6. Hot grid summer June–August 2022
This summer was marked with record high, or near record high, temperatures across the state. As outdoor temperatures went up, indoor thermostats went down, accelerating demands on the state’s electrical grid. By summer’s end, even though actual electrical demands exceeded earlier forecasts, and 11 new demand records were set, Texas’ power grid delivered electricity to homes and businesses albeit at a higher cost to consumers.
7. Railroad Commission moves forward on Carbon Capture and Underground Storage Jurisdiction August 2022
In 2021, the Texas Legislature consolidated CCUS regulatory jurisdiction with the Railroad Commission. In August, the Commission voted to approve rules for the RRC’s jurisdiction over CCUS, paving the way for the agency’s application to the EPA for primacy under federal law for permitting injection wells. The Commission’s action was a critical step for the development of CCUS in Texas, a major component to our state’s energy expansion.
8. Record energy prices yield record state revenues September 2022
Russia’s invasion of Ukraine sparked an increase in domestic oil and gas prices. By mid-summer natural gas prices reach levels not seen since the shale boom of the 2000’s, as oil prices also neared record highs. While these higher prices pinched consumers at the gas pump, they also contributed to increased state severance tax collections, fueling a budget surplus in advance of the 2023 legislative session.
9. EPA rejects Bluewater Texas Terminal permit September 2022
The EPA rejected the permit application for the Bluewater Texas offshore oil terminal citing pollution concerns. Located in the Gulf of Mexico southwest of Corpus Christi, the Bluewater terminal was slated to be the largest offshore oil terminal on the Texas coast. The EPA’s rejection of the Bluewater permit reversed a previous decision under the Trump Administration.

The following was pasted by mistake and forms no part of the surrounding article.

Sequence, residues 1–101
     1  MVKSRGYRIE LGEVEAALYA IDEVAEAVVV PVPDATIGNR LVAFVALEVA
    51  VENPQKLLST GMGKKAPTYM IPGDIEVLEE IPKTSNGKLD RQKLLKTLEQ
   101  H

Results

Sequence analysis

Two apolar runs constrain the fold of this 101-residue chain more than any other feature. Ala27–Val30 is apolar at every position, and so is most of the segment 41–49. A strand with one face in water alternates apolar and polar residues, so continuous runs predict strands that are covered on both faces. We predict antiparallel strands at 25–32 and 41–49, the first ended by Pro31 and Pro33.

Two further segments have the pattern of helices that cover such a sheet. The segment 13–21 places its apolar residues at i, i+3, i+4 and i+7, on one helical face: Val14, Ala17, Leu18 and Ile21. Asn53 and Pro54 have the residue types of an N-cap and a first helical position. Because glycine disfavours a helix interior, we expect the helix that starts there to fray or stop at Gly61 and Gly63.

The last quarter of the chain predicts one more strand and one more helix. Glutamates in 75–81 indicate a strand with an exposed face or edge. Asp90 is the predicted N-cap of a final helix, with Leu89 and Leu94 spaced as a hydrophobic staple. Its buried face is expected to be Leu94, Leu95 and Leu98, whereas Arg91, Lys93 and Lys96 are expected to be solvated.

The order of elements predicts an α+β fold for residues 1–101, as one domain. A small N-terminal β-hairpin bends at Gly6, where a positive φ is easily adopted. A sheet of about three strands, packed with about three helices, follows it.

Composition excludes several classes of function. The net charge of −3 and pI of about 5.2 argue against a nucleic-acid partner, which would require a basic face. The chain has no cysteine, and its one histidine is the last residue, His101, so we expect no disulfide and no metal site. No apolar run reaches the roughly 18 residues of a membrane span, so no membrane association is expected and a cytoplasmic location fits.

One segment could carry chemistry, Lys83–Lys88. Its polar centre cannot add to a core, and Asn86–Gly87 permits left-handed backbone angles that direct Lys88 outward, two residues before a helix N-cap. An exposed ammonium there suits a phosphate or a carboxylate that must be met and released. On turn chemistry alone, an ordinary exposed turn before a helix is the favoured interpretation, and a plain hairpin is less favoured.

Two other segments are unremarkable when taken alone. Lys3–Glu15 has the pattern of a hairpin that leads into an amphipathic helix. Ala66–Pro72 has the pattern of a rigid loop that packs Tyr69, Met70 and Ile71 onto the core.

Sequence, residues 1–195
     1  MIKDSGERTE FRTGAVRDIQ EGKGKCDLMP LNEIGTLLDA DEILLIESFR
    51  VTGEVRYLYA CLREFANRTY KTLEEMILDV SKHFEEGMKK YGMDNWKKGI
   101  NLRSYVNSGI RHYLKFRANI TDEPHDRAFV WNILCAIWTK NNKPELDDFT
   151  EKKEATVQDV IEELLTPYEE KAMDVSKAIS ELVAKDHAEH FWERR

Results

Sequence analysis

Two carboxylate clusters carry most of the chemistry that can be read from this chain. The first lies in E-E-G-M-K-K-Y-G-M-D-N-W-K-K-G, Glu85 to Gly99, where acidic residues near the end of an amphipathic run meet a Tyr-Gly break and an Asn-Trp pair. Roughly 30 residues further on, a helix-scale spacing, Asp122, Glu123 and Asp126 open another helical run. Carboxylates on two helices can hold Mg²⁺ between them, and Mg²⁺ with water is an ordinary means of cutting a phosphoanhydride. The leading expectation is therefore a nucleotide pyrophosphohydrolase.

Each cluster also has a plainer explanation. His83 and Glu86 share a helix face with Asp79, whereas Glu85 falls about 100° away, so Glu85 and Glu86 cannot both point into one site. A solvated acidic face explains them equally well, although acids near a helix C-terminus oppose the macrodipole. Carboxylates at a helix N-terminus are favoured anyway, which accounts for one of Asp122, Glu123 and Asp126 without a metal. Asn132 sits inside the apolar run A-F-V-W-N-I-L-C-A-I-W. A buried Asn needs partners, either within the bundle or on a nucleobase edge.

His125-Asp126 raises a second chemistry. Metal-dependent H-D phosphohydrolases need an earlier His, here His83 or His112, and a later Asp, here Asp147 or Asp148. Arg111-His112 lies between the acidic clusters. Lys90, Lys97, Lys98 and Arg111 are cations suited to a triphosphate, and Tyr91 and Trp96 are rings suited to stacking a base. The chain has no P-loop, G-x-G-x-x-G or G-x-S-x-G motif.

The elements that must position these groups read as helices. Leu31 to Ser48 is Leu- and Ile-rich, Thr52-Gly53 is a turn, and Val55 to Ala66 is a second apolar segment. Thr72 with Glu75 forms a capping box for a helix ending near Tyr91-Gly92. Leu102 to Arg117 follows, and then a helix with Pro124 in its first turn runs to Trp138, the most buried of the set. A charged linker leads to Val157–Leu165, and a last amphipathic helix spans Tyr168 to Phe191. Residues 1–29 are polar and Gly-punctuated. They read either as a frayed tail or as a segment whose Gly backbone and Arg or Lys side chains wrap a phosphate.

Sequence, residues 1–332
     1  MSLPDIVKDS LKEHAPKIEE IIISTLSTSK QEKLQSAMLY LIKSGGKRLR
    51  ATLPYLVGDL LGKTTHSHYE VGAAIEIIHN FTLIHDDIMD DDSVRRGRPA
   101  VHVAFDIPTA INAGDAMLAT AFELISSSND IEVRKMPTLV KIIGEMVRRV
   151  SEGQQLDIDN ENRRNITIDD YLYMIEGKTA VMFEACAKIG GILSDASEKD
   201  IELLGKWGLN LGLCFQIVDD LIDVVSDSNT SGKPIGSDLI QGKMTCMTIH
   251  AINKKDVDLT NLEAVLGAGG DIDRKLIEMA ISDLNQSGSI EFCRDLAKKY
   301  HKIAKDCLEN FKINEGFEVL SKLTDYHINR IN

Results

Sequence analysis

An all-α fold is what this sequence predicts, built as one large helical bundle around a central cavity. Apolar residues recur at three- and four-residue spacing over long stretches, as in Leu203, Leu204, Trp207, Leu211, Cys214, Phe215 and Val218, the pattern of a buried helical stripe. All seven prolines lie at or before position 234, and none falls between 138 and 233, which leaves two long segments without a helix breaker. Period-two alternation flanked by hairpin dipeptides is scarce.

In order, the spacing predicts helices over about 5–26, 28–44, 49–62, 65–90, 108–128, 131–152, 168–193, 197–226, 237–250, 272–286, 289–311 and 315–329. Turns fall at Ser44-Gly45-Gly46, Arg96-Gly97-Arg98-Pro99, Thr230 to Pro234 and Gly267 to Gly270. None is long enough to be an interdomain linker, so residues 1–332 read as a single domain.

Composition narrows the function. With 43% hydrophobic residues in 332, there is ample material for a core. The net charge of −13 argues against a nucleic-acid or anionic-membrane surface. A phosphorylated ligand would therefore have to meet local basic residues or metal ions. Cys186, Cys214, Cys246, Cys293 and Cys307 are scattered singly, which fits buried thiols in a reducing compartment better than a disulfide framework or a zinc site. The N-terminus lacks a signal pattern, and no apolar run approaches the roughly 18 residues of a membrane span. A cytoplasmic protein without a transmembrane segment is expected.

10. Texas and Gulf Coast hydrogen hub partnership announced November 2022
The U.S. Infrastructure Investment and Jobs Act approved by Congress in late 2021 provides $8 billion for the creation of several regional hydrogen hubs to expand industrial use of clean hydrogen. In an effort to pursue this critical funding opportunity, a coalition of private and public entities announced the creation of the HyVelocity Hub for the development of clean hydrogen projects along the Gulf Coast. According to a report by the Center for Houston’s Future, the establishment of a clean hydrogen industry could generate 180,000 jobs and $100 billion in GDP growth for Texas.
While these were the top 10 Texas energy stories of the year, there was one other story that caught our eye:
Texas produced water consortium releases report September 2022
Texas’ oil and gas producers generate billions of barrels of produced water each year as part of the extraction process. In 2021, the Legislature established the Texas Produced Water Consortium at Texas Tech University to study and make recommendations regarding the beneficial use and reuse of produced water. The report’s findings and recommendations provide the starting foundation for the development of key policy strategies for recycling produced water in Texas.